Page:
Retroelements and remnants thereof constitute a large fraction of the repetitive DNA of plant genomes. They include LTR (long terminal repeat) retrotransposons such as Ty1-copia and Ty3-gypsy retrotransposons, which are widespread in plant genomes and show structural similarity to retroviruses. Recently, non-LTR retrotransposons, lacking the long terminal repeats and subdivided into LINEs (long interspersed nuclear elements) and SINEs (short interspersed nuclear elements), have been discovered as ubiquitous components of nuclear genomes in many species across the plant kingdom. LINEs are probably the most ancient class of retrotransposons in plant genomes, but the evolutionary borders between non-LTR retrotransposons, LTR retrotransposons and retroviruses are indistinct as shown by the detection of intermediate forms in other eukaryotic taxa. Transposition of non-LTR retrotransposons is only rarely observed in plants indicating that the majority of these retroelements are inactive and/or under regulation of the host genome. Transposition is poorly understood, but experimental evidence from other genetic systems, in particular from insect and mammalian species, shows that LINEs are able to transpose autonomously, while non-autonomous SINEs depend on the reverse transcription machinery of other retrotransposons. Fluorescence in situ hybridization demonstrated that different classes of retrotransposons differ largely in their chromosomal organization and are often excluded from blocks of rapidly homogenizing tandem repeats. In particular, LINEs contribute considerably to the repetitive DNA of nuclear plant genomes.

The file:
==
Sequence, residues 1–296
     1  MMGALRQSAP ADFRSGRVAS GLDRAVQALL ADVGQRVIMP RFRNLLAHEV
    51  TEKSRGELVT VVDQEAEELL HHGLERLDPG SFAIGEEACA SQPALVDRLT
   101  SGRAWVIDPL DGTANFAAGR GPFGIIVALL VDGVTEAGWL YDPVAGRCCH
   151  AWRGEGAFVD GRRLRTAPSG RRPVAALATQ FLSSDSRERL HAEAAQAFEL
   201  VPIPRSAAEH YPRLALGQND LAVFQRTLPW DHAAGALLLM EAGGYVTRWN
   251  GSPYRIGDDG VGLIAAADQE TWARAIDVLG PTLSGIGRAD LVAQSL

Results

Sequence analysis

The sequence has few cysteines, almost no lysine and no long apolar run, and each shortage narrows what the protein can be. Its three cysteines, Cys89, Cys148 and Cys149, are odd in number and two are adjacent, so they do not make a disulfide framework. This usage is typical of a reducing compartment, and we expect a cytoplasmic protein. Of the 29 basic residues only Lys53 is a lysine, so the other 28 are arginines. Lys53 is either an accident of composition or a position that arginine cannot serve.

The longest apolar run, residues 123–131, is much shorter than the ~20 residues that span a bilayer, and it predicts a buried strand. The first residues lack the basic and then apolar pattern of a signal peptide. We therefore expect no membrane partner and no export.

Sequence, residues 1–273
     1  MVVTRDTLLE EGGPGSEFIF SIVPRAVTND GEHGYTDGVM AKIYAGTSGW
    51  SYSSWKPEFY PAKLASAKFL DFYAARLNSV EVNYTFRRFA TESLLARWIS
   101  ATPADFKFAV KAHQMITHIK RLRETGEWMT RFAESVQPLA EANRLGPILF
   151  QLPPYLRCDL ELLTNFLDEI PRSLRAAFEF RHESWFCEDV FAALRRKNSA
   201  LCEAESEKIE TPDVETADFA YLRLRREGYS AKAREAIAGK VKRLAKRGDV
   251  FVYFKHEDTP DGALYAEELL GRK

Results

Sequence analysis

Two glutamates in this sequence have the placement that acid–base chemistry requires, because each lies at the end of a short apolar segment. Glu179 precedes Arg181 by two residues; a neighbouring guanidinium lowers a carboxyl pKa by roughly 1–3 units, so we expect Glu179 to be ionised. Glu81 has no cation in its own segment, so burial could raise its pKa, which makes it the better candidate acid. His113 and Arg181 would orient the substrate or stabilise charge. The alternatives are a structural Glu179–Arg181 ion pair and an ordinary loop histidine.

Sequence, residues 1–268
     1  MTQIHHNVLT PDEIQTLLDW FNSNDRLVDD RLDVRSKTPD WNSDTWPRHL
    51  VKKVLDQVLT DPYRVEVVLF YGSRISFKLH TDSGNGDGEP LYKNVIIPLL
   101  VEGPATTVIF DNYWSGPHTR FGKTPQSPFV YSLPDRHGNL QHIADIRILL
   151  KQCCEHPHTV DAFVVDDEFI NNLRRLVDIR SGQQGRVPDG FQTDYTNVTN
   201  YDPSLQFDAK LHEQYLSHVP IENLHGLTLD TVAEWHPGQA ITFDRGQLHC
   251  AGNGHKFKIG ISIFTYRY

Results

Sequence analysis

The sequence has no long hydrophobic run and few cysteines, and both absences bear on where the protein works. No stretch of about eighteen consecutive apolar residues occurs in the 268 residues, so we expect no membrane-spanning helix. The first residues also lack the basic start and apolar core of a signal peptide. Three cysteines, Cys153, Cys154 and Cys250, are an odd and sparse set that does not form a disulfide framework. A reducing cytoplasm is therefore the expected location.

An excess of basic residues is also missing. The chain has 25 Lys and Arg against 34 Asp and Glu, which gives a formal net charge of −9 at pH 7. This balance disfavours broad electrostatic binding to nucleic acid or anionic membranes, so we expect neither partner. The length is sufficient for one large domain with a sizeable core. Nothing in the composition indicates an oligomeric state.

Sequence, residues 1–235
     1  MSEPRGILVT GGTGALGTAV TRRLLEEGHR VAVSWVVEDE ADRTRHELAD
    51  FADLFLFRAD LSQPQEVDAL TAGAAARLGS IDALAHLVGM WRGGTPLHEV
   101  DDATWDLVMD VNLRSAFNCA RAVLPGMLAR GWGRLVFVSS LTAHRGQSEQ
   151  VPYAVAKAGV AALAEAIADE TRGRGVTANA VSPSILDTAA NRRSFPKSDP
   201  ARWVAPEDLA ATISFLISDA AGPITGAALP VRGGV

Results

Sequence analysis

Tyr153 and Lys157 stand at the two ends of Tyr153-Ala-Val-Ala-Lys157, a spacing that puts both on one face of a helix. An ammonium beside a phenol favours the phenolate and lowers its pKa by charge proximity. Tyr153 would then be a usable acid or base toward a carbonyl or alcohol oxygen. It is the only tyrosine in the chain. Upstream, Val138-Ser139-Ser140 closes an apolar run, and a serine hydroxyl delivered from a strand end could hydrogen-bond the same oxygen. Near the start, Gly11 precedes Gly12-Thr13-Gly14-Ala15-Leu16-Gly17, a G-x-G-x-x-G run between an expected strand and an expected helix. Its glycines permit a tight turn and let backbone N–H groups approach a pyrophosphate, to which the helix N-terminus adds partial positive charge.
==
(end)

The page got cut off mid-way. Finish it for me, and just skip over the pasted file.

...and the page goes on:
Plant Molecular Biology – Springer Journals
Published: Oct 19, 2004
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